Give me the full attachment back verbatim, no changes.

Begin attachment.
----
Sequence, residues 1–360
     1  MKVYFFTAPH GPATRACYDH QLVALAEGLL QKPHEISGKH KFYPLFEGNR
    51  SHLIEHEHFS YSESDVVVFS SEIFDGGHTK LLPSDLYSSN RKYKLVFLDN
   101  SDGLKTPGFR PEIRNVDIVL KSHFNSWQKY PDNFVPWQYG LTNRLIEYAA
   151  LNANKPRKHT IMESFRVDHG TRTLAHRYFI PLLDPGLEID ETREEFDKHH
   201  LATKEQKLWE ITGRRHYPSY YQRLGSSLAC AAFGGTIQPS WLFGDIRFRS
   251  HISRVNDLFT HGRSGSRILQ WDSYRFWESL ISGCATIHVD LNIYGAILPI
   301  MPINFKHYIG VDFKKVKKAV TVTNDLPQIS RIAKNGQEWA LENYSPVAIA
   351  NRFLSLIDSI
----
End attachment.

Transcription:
Sequence, residues 1–360
     1  MKVYFFTAPH GPATRACYDH QLVALAEGLL QKPHEISGKH KFYPLFEGNR
    51  SHLIEHEHFS YSESDVVVFS SEIFDGGHTK LLPSDLYSSN RKYKLVFLDN
   101  SDGLKTPGFR PEIRNVDIVL KSHFNSWQKY PDNFVPWQYG LTNRLIEYAA
   151  LNANKPRKHT IMESFRVDHG TRTLAHRYFI PLLDPGLEID ETREEFDKHH
   201  LATKEQKLWE ITGRRHYPSY YQRLGSSLAC AAFGGTIQPS WLFGDIRFRS
   251  HISRVNDLFT HGRSGSRILQ WDSYRFWESL ISGCATIHVD LNIYGAILPI
   301  MPINFKHYIG VDFKKVKKAV TVTNDLPQIS RIAKNGQEWA LENYSPVAIA
   351  NRFLSLIDSI